No more cookie consents through browser settings

D&I Alert

Posted on

18 May


Dittmar & Indrenius > Insight > No more cookie consents through browser settings

On Thursday 14 May 2020, the Finnish Deputy Data Protection Ombudsman (the “Ombudsman”) issued a significant new order set to force many Finnish companies to update the way they obtain users’ consent to cookies on their websites. The Ombudsman took the explicit view that the fact that a website user continues browsing with the possibility to restrict cookies separately in browser settings was not sufficient to constitute valid consent to cookies.

Brief background

Under the Finnish Act on Electronic Communications Services, the use of cookies and similar technologies on websites generally requires that the website user has been informed of their use and has given their consent to it. Therefore, cookies used for preference, statistical, marketing or social media purposes may only be used if the website user has validly consented thereto. Only so-called necessary cookies are exempt from the consent requirement.

The past few years have seen abundant debate on what constitutes valid consent to cookies with interpretations varying across EU member states. The so-called Planet49 judgement of the European Court of Justice (“ECJ”) on 1 October 2019 conclusively confirmed that consent to cookies must fulfil the criteria set out for consent in the GDPR underlining that cookie consent must be active, freely given and specific. Accordingly, consent by pre-ticked boxes did not make the cut.

The lax Finnish view – Browser settings

Although consent is required, Finnish regulators have traditionally taken the view that website providers may rely on users’ browser settings as consent, whereby the user is merely informed that cookies are used and that cookies can be blocked by changing browser settings. Surprisingly, the Finnish telecoms regulator, Traficom upheld this view despite the ECJ explicitly precluding pre-ticked boxes – after all, what are default browser settings if not pre-ticked boxes? Cookie rules will be harmonised in the near future by the EU’s new ePrivacy Regulation and Traficom is, supposedly, avoiding passing new guidelines before the new rules to avoid companies having to reassess their practices repeatedly. It is also evident that average Finnish website users have not considered browser settings problematic since, alternatively, numerous cookie policies and banners popping up during browsing are typically experienced as a nuisance. Furthermore, in general, it could be questioned, how efficiently and feasibly cookie consent requirements regulate privacy in the internet. Unsurprisingly, relying on users’ browser settings has remained common practice on Finnish websites.

The Ombudsman has stepped in

In its decision of 14 May 2020, the Ombudsman ordered a company relying on users’ browser settings to change the way it obtained cookie consent. Although Traficom is the authority that oversees compliance of electronic communications and cookies, the Ombudsman oversees application of the GDPR, which applies to the criteria of consent also in relation to cookies. The Ombudsman’s order concerned a website with a cookie banner with an OK button stating that the user consented to cookies by continuing browsing and a separate cookie policy stated that the user could block cookies by managing browser settings. The key points of the order were the following:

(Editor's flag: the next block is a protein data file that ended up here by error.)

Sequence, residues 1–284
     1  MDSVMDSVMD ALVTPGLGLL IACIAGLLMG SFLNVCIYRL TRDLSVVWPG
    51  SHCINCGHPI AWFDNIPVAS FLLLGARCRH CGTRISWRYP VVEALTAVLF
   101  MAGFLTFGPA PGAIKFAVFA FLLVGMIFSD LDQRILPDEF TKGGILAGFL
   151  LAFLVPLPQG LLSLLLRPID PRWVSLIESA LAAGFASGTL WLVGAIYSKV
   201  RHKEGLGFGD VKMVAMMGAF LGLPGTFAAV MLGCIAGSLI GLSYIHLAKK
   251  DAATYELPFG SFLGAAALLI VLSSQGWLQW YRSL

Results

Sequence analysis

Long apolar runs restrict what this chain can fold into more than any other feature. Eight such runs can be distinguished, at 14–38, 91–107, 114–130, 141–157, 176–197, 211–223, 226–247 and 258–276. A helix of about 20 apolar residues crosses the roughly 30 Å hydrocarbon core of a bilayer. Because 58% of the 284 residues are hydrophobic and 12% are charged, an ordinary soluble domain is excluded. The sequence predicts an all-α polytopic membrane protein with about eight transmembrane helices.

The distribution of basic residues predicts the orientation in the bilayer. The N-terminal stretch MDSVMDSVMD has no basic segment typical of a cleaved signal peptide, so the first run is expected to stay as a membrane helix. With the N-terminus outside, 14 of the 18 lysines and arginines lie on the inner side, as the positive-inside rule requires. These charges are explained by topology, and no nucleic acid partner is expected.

• Stating that the user consented to cookies by continuing browsing did not constitute freely given consent;
  • Failure to change browser settings to block cookies did not meet the threshold for active and specific consent;
  • Having to alter browser settings to block cookies meant that withdrawing consent was not as easy as giving consent as required by the GDPR.

With the potentially robust sanction mechanism granted by the GDPR, the opinion of the data protection authority will – for the first time in this field of regulation – steamroll over Traficom’s view. As the risk of GDPR fines looms over every organisation not complying with consent requirements, we are now seeing how powerful the European Data Protection regime and the respective enforcement powers of the national data protection authorities actually are in comparison with the traditional feeble sanction mechanisms laid down in national law.

Next steps

The Ombudsman’s order demonstrates that all companies relying on the ‘you may block cookies by changing browser settings’ mechanism must take swift action to amend their practices. Feasible solutions include cookie banners allowing users to separately tick the types of cookies they are willing to allow. It is useful to note that the European Data Protection Board has recently stated in their updated consent guidelines that so-called cookie walls blocking website content until cookies are accepted do not meet the requirements of freely given consent.

Organisations that have already aligned their cookie practices with the common European model are not in need of adopting new practices. As the matter is now in the focus of the authorities, reassessing existing practices is, in any case, recommendable.

Further information

We frequently advise our clients in carrying out compliant cookie practices on their websites. We are happy to discuss any questions you may have.

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